To make things easier on yourself, we recommend investing in a light alarm clock. This is a handy tip that has personally changed the way I wake up in the morning. Handy light based alarm clocks work with your biology to wake you up naturally as the sun would instead of with the sound of a blaring alarm.
How does it work? Light based alarm clocks can be set to slowly turn on light in your bedroom to mimic the sunrising. This slowly wakes you up out of your sleep naturally by working with your circadian rhythm. Once you have used a light-based alarm clock, you will never want to go back.
Learn more how your circadian rhythm works in our post: Chronotypes: Your Circadian Typology
Avoid Long Naps
If you are trying to really get used to your new sleep routine as quickly as possible. Then we highly recommend avoiding long naps. This is because a long nap can further confuse and disrupt your ability to adjust to your new routine.
If you do end up in dire need of a nap, try to keep it around 15 to 20 minutes long.
This should be enough to give you a boost in energy without going into a deep sleep that would leave you feeling more tired than ever.
Learn more about the art of napping in our post: The Art Of Napping: The Long & Short Of Naps
Create a Nightly Routine
We recommend a night (and morning) routine to everyone. Having a set routine that you do every night before bed can really help solidify your circadian rhythm. It helps to send cues to your brain that it is time to go to sleep.
As you go through the routine your body and mind pick up on these cues and start producing melatonin and getting you prepped for going to sleep naturally. The more you stick to your routine, the better your body will be at picking up on these cues and getting you ready for bed.
When you have a strict nighttime routine and you adjust to a new sleep schedule, your routine can help tell your body and mind that it is time to go to bed. Making it easier to get to sleep at a new time.
Try Taking Melatonin
If you really have a hard time adjusting to a new sleep schedule, perhaps it is springtime and you are struggling to get to bed earlier than usual with the time change. Then melatonin may be a great way to naturally get to sleep earlier. Our bodies naturally produce melatonin in order to induce sleep.
A melatonin supplement will help to induce sleep. We suggest taking it 30 minutes before bed. Although you should always follow the recommendations of your doctor and on the specific melatonin you are taking. Be sure to talk to your doctor about adding melatonin before adding it into your routine.
Learn more about melatonin in our post: A Guide To Using Melatonin
Stay in Bed:
If you are having a difficult time staying asleep an hour later than normal, we recommend just resting your body in bed. Take the extra hour and just rest. If you must, you can read, write in a journal, answer emails, watch some TV. Just take that extra time to rest your body and mind for an hour and then get out of bed at your usual wake up time. This will eventually help you to adjust to the new sleep schedule.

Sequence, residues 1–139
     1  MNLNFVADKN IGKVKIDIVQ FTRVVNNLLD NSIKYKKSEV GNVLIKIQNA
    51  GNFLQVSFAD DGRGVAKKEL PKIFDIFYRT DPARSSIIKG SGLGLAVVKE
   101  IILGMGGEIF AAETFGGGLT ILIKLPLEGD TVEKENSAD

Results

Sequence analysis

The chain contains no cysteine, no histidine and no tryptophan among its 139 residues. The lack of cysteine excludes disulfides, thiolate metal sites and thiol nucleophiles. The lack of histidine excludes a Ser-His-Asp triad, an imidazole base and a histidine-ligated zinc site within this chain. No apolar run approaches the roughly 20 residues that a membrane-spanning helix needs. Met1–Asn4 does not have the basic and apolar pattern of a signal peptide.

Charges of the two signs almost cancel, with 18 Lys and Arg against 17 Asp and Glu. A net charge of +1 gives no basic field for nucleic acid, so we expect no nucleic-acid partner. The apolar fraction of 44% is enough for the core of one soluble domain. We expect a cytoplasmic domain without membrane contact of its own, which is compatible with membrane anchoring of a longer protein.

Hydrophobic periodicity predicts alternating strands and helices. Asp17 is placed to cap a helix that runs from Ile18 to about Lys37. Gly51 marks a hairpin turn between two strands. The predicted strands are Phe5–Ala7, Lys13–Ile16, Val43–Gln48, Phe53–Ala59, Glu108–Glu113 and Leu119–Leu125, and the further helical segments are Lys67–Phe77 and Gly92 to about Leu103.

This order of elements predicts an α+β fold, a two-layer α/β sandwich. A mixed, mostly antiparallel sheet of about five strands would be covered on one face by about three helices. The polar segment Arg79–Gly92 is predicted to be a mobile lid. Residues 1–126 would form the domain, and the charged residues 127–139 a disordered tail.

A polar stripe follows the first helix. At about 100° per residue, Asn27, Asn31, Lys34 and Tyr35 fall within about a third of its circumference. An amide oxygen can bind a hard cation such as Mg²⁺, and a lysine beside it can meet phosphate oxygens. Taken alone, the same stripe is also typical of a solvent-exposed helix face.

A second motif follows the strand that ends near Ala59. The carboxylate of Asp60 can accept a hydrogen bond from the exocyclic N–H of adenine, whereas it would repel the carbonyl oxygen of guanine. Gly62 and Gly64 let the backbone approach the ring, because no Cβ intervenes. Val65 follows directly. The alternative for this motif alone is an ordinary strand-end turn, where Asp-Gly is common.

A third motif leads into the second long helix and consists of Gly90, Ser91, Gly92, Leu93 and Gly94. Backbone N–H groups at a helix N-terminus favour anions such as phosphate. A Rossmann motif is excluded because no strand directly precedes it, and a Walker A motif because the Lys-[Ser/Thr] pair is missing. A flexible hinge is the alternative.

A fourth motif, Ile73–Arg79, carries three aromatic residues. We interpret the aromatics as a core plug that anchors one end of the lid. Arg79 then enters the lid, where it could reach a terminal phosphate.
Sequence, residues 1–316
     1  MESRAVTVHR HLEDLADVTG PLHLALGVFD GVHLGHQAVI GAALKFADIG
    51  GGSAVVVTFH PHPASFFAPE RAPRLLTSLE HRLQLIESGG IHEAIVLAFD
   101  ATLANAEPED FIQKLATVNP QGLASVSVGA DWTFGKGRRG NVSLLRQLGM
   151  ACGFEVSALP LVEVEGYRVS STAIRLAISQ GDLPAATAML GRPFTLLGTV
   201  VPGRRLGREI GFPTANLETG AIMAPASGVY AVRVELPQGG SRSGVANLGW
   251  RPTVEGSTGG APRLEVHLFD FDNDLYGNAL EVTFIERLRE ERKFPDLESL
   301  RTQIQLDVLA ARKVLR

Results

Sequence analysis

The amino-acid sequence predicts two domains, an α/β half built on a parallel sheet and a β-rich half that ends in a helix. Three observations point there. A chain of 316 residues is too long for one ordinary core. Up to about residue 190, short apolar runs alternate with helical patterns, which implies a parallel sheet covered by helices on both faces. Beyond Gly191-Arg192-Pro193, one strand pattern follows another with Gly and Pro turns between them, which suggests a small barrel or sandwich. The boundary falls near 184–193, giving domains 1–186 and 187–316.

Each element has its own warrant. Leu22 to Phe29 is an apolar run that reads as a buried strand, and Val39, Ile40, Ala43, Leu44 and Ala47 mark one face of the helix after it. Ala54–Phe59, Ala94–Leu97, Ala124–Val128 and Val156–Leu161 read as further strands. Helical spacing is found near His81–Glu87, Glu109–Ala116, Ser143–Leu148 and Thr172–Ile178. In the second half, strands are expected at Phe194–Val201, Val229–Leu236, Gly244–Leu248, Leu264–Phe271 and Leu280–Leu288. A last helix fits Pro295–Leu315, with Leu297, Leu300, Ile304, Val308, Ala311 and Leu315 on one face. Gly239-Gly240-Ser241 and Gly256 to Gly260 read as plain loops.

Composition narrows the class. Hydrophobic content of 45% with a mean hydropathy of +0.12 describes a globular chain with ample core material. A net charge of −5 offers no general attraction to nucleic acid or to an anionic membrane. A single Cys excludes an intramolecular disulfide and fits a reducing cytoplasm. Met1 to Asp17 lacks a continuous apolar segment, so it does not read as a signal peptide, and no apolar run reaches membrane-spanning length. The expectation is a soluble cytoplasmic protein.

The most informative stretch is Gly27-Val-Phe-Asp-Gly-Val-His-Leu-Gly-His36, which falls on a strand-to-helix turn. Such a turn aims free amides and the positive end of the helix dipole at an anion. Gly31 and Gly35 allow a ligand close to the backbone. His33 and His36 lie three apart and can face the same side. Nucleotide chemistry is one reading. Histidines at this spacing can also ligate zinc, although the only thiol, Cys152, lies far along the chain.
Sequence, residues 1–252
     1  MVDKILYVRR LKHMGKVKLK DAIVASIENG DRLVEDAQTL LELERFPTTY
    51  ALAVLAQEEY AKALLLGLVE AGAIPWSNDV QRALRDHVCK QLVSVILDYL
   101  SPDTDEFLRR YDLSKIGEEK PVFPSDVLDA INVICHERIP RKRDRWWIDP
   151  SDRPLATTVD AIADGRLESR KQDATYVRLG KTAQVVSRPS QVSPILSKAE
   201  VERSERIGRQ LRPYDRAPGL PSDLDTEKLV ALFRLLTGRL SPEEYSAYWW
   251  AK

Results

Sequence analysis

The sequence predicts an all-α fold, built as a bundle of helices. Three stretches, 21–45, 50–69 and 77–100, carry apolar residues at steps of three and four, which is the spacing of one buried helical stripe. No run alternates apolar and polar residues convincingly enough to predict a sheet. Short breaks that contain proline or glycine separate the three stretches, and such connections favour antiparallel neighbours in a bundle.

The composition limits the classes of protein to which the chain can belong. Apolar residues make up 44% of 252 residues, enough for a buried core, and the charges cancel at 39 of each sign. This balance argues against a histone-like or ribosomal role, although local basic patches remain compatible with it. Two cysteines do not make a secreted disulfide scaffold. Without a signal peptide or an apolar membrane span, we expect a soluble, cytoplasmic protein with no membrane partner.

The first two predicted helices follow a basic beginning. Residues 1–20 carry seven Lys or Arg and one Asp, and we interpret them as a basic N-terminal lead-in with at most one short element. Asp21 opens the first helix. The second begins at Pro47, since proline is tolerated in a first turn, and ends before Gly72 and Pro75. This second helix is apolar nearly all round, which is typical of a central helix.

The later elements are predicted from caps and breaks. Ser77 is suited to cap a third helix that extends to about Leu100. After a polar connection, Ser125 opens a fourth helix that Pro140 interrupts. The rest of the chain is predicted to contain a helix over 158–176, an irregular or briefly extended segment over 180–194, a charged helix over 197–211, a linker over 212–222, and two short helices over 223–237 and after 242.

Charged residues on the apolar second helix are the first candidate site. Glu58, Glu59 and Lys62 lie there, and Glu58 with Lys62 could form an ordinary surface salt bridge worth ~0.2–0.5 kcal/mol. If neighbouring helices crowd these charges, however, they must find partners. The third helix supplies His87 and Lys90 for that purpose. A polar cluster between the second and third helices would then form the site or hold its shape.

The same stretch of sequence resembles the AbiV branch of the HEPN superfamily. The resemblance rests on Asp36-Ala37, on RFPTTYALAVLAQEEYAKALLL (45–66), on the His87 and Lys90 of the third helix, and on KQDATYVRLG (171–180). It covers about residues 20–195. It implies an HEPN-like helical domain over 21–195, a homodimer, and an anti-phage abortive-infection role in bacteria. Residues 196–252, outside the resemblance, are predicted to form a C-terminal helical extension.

If you don’t stay in bed, and instead get up and start your day, then it will take much longer for your body to adjust to the new sleep schedule.
This rule also applies to those who have a hard time falling asleep earlier. All you need to do is get into bed at the assigned bedtime you would like to be going to sleep at. Then rest your eyes and body. You don’t have to be asleep right away. Just get used to getting in bed at that time and eventually your body will take over.
Struggle with insomnia? Check out our post: Guide To Insomnia
How Long Does It Take to Adjust to Daylight Savings?
The length of time it takes to adjust to a new sleep schedule will vary drastically from person to person. During daylight saving you are really only adjusting your schedule by a single hour. Although it can seem like much more sometimes. While some may not feel much of a difference at all, others may take weeks to get back into the swing of things.
Following our tips and tricks should help move things along with getting adjusted to your new sleep schedule. However, if it takes more than a few weeks to adjust, you may want to chat with your doctor to see if there is something making it difficult for you to get your best sleep possible.
Get Your Sleep During Daylight Savings:
All of these sleep tips for getting great sleep during daylight saving time are all to help you ease through the transition. The truth is that no matter what your body will adjust to the new time change over time. When in doubt, trust that your body will eventually adjust to the new normal. You will be able to get the sleep you need.
Have a question for us? Send us a message throughout our Contact Us page. We would be happy to help out in any way we can.